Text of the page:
Tasmanian Labor have called for allegations of worker exploitation in seasonal fruit picking operations in Tasmania to be investigated.

Shadow Minister for Workplace Relations Michelle O’Byrne said anyone who works in Tasmania deserves fair conditions and protection from exploitation, including foreign workers.

“Most people would be horrified to hear of the living and working conditions for these people,” she said. “For this to be occurring under a government scheme is even more concerning.”

Ms O’Byrne said a Parliamentary Inquiry into worker conditions is needed. Labor declared they will seek to establish a Parliamentary Inquiry in 2020 into wage theft and insecure work.  She claimed that in other jurisdictions ‘reputable employers’ want to have proper scrutiny to ensure the industry operates appropriately.

Overcrowding and exploitation

The call came following the evacuation last week of approximately 77 Tongan seasonal workers from a five-bedroom house in Shearwater due to overcrowding and inadequate conditions. The Latrobe Council was grilled in a packed council meeting on Monday about its handling of the situation.

Mayor Peter Freshney admitted there were concerns around the building’s fire security. Tasmanian Times understands that at least one other property in the municipality, in Wesley Vale, is under investigation.

Criticism has also come in for Burnie Mayor Steve Kons over his lease of a property to third-party labour supplier Owen Pacific Workforce, based on the Gold Coast, which is engaged by fruit company Costa. Allegedly crowded, dirty and unsafe conditions have been criticised by the unions.

Many fruit pickers from Pacific countries are employed in Tasmania at this time of year. They hold visas under the Federal government’s Seasonal Worker Program.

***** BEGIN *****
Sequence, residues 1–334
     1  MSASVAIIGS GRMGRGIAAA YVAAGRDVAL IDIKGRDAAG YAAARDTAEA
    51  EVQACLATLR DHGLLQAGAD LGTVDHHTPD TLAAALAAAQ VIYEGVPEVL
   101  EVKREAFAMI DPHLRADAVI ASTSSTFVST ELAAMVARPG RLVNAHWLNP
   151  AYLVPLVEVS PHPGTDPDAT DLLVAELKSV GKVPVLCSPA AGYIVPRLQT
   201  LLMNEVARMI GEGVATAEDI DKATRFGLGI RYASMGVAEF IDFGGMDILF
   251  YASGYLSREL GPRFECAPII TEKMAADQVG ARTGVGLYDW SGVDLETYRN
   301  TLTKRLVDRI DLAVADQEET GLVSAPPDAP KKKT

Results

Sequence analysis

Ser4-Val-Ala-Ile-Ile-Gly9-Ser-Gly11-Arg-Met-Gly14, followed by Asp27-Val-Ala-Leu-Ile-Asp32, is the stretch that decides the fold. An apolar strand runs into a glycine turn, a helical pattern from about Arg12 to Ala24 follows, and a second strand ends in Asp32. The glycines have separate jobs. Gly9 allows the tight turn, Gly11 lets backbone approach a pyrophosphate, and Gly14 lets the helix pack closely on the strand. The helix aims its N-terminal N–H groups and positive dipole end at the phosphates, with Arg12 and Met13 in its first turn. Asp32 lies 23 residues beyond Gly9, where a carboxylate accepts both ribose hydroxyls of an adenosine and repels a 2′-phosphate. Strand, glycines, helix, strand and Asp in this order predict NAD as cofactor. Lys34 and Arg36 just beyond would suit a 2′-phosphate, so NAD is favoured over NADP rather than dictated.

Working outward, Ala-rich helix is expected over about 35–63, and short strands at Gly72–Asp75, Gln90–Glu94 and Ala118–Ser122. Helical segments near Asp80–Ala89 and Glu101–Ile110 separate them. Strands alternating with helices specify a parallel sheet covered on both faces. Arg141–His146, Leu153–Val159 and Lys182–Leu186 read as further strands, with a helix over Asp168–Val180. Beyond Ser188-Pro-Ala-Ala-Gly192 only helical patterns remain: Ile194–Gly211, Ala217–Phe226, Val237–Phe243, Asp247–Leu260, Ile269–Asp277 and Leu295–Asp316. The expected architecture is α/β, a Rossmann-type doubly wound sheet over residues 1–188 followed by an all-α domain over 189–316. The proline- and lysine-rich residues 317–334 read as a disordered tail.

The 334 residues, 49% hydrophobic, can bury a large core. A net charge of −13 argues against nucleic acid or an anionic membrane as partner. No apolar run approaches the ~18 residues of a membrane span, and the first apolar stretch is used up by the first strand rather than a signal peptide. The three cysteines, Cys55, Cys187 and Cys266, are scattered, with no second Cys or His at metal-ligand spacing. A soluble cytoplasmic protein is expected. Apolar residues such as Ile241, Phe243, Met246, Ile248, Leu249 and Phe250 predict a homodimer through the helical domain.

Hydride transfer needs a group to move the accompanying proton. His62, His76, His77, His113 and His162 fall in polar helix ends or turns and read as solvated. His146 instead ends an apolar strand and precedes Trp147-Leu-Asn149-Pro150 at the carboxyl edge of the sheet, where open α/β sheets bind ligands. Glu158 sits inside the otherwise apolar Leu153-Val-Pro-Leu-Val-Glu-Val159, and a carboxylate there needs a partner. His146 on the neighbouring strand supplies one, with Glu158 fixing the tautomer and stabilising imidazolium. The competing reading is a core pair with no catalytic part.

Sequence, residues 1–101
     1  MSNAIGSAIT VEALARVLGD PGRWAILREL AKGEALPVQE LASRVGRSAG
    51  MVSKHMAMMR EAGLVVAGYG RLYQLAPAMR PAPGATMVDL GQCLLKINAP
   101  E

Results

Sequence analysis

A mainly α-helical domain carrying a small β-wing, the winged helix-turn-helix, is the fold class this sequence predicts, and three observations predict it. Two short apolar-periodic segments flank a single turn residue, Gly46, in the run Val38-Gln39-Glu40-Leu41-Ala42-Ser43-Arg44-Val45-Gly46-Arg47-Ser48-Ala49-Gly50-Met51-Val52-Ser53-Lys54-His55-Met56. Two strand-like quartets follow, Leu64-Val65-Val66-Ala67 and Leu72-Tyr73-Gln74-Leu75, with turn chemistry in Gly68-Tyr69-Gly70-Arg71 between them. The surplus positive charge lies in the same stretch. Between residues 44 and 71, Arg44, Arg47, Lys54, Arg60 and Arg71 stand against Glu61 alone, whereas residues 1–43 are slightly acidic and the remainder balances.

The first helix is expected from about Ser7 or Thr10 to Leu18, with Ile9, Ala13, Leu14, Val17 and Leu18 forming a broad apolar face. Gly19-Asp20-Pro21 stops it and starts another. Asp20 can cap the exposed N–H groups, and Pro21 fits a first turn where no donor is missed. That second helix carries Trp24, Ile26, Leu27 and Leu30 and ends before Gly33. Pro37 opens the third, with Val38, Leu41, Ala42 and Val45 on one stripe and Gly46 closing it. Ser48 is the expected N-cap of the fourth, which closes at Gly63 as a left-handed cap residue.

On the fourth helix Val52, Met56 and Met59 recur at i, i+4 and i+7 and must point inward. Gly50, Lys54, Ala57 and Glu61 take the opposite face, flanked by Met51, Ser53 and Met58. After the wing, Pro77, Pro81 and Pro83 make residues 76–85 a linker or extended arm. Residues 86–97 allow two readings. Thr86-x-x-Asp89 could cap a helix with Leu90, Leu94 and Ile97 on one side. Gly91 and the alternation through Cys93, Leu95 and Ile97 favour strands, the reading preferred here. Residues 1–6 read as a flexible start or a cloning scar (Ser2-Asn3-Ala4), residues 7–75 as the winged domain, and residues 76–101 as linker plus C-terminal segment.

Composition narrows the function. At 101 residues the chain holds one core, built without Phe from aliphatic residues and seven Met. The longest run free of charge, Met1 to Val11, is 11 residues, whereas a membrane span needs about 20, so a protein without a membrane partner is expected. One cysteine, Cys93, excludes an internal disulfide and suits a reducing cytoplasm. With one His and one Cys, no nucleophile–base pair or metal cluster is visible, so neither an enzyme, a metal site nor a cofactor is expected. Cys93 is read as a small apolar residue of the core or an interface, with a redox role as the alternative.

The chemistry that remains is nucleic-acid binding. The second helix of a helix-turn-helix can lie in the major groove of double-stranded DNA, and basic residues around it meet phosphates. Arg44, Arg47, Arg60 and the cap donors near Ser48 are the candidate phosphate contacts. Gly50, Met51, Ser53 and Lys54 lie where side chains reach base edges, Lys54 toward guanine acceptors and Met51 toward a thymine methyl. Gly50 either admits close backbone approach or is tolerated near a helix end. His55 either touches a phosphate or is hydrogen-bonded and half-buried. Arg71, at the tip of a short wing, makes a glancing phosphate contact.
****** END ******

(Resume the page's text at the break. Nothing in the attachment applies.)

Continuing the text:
“It’s shocking to see an employer going to great lengths to create squatter-like conditions at the consequence of a whole lot of workers over here to support the farming industry,” Daniel Walton, national secretary of the Australian Workers’ Union, said. The AWU described the living conditions as ‘substandard’ and is holding talks with seasonal workers tonight (Thursday) in the area.

The AWU also supports a state Parliamentary Inquiry.

“Among the allegations we’re hearing this week is that money is being held from workers’ wages to pay for debt the company says is owed,” said O’Byrne. “There is a need for new wage theft laws to combat systematic, widespread or blatant under and non-payment of wages and other employment benefits. Such an inquiry must not be limited in a way that would prevent investigation of labour hire practices.”

A Tasmanian Greens spokesperson said that they are supportive of the idea of a Parliamentary Inquiry, and keen to work with Labor to make sure the terms of reference are watertight and explicitly capture all forms of employee exploitation. “Of course we are very concerned about the exploitation of workers, whether that’s wage theft, poor conditions, unsafe workplaces, or punitive management,” they said in a statement to TT. “Every employer should meet Australia’s workplace standards and treat workers fairly. There is no justification for treatment like this for any worker, regardless of where they come from.”

“We’re very concerned that those operations are doing the right thing by their workers, that they’re meeting their obligations under local planning permits and they’re looking after people generally,” said Minister Roger Jaensch. “I think that’s what Tasmanians expect.”